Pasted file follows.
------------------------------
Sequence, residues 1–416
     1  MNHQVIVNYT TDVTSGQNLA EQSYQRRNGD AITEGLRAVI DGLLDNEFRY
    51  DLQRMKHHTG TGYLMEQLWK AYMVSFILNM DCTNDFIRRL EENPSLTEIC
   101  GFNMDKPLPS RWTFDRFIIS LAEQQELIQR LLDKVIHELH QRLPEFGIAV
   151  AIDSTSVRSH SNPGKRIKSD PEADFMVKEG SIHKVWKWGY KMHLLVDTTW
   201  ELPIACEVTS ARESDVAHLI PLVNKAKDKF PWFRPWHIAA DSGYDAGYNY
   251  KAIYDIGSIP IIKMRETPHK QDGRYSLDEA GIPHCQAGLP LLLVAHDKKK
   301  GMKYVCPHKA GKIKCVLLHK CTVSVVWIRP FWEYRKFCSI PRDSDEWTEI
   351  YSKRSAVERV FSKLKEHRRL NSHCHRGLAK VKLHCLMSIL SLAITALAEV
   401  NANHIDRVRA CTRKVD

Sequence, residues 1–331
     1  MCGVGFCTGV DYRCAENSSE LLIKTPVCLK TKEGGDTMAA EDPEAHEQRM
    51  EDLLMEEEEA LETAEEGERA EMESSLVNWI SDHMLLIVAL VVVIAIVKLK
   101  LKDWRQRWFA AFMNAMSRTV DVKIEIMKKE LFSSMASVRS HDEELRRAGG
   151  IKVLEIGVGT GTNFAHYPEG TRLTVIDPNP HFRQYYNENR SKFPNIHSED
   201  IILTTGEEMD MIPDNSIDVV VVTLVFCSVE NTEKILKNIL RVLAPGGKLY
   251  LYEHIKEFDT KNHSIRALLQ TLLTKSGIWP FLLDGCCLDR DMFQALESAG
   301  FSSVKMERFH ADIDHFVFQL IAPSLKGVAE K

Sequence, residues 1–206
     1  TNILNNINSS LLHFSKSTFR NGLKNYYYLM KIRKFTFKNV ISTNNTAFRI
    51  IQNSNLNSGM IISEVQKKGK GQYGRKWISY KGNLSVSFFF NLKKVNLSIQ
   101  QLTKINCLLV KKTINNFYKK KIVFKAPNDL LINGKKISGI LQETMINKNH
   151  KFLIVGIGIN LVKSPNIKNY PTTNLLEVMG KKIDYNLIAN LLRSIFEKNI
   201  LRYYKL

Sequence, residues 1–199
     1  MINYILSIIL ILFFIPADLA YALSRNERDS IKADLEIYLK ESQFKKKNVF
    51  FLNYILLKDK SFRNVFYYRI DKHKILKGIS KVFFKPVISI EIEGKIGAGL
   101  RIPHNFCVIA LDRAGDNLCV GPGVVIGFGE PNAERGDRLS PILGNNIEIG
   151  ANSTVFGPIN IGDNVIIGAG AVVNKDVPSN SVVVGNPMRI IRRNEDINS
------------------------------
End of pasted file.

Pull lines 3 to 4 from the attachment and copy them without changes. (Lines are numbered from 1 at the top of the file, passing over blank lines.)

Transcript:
    51  DLQRMKHHTG TGYLMEQLWK AYMVSFILNM DCTNDFIRRL EENPSLTEIC
   101  GFNMDKPLPS RWTFDRFIIS LAEQQELIQR LLDKVIHELH QRLPEFGIAV